Seth Meyers had his first week as the new host of Late Night last week, and after eight years as SNL’s Weekend Update anchor, he came prepared for the new gig with plenty of experience delivering punchlines and riffing opposite wacky characters and real-life celebrities. It’s too early to fairly judge Seth’s version of Late Night before he and his staff get a chance to settle into their new roles, but here’s a preliminary look at what the show already does well, what it can improve, and what its debut week indicates for its future.
Seth Meyers as host:
So far – monologue-wise, especially – there’s little difference between Seth the Weekend Update anchor and Seth the Late Night host. Meyers radiates open-minded friendliness and never attempts to steal more of the spotlight than he needs from his guests, but his joke delivery still has the live cue card feel from SNL that doesn’t quite fit into the relatively unrehearsed daily talk show mold. During his debut week he relied on mounted photographs and painstakingly rehearsed personal asides to inject some kind of trademark personality into the show, relax a bit, and find an attitude and rhythm.
While one of his biggest strengths on SNL was making others look good, Meyers will still need to prove unique and irreplaceable over on Late Night. That said, few people can not only cull a balanced interview out of Kanye West, but also make him laugh during a reveal of never-before-seen SNL sketch footage starring Kanye and a champagne-filled pumpkin from 2007. Those kinds of surprises are the strongest tools in Meyers’s arsenal right now, and all he’s missing is fearlessness in what he’s doing and a willingness to access his inner emotions other than gratitude and bemusement. Meyers will get there with some time and experience.
Fred Armisen and the 8G Band:
While Meyers and Armisen shared some caustically weird banter throughout the week that included Fred talking about his attempt at a citizen’s arrest and invention of a new Olympics sport called “Statue Sport,” the role of Armisen and the 8G Band has so far been much more understated compared to how The Roots operate on The Tonight Show. Perhaps it will stay that way to make Fred’s transition between Late Night and Portlandia a little less glaring come May, though in a recent interview with Vulture, Armisen seemed to hint that the bandleader gig is not necessarily a permanent thing:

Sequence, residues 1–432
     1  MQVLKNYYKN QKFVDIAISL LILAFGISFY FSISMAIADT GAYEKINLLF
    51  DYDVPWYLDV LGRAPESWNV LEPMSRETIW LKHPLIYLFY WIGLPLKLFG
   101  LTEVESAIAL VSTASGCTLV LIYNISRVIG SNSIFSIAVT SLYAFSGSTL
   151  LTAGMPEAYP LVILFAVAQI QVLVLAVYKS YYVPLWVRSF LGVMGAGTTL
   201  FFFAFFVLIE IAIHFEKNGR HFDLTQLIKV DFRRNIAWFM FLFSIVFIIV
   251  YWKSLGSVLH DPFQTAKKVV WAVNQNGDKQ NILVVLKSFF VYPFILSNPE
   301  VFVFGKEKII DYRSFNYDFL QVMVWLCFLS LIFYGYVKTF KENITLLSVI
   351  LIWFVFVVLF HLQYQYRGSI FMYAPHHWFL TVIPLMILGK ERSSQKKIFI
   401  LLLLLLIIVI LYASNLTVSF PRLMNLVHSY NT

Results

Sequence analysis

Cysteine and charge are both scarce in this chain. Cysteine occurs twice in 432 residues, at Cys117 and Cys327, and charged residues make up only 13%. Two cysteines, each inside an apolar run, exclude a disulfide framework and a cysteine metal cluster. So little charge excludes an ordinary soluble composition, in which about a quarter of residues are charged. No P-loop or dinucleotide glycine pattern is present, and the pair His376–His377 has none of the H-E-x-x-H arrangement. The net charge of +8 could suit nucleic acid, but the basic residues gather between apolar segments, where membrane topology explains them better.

I take any project on a month or two at a time. Meaning, I don’t think too far ahead … The way that they approached me to do this is sort of, Do you want to curate a band? My answer, always, is to always think, What would Wayne Coyne do? So yeah, right now mathematically it might not make sense, but do I want to go to New York and help my friend Seth Meyers out? Absolutely. This is a good opportunity: I like playing music. So I think it’s something where I’m going to start it off and curate it and sort of revisit it, and get it going.
Late Night made the perfect choice by having Meyers’s former Weekend Update co-anchor Amy Poehler as his very first guest. Poehler’s exuberance quelled Seth and Fred’s nervous vibes and stole the show at times, especially when she sat in on next guest V.P. Joe Biden’s segment and essentially co-interviewed him with Seth. The rest of the week’s guests ranged from a blend of pop culture darlings (Kelly Ripa, Lena Dunham), music superstars (Kanye West, Brad Paisley), athletes (Russell Wilson), and writers (Robyn Doolittle), and Sirs Ian McKellen and Patrick Stewart rounded out the week by taking over the show during their interview. It’s probably not an accurate example of the kinds of guests Meyers will have in a typical week, but he’s already proving to be an adaptable interviewer with all types and schooled in opposite poles like sports and art. Meyers also featured Michael Che on Friday as Late Night’s very first standup act, which will hopefully turn into a more regular thing too.
Show format and writers as characters:
While we already knew that Seth’s Late Night didn’t plan to stray too far from the traditional late night format – monologue, jokes and segments at the desk, and interviews – Meyers and crew still managed to suggest a unique flavor by bringing his writers and collaborators to the stage like John Lutz as Late Night’s “money expert” Steven Strand, Tim Robinson as Seth’s emergency sidekick Dale, and writers Seth Reiss, Amber Ruffin, and Peter Grosz in a Tuesday night segment called “Dissatisfied Audience Members” that was Late Night’s first daring moment of laughworthy self-awareness. I liked the writer-driven segments much more than the bigger concepts like the “Fake or Florida” game show and hope the show follows the weirder humor traditions of O’Brien and Fallon rather than falling into more generic, mainstream-friendly, Leno-like concepts, which seem unnecessarily safe for the post-midnight time slot. Seth Reiss in particular gave a great performance as the jaded fan wearing a faded 20-year-old-looking Late Night with Seth Meyers t-shirt, lamenting over the days when Seth’s show used to be fresh and real.
According to Variety, Seth’s first week on Late Night brought in the show’s biggest weekly audience in seven years (not counting Fallon’s last week in February). He scored 3.4 million viewers on his first episode Monday night, making it the biggest Monday night Late Night audience in almost 10 years. The show did have some helpful bumps from the Olympics and having Fallon’s high ratings magnet Tonight Show as a lead-in, and higher than average ratings are to be expected for a new late night host, so it’ll be interesting to see if Meyers and crew can maintain decent numbers at the odd 12:37am time slot after the debut excitement fades away.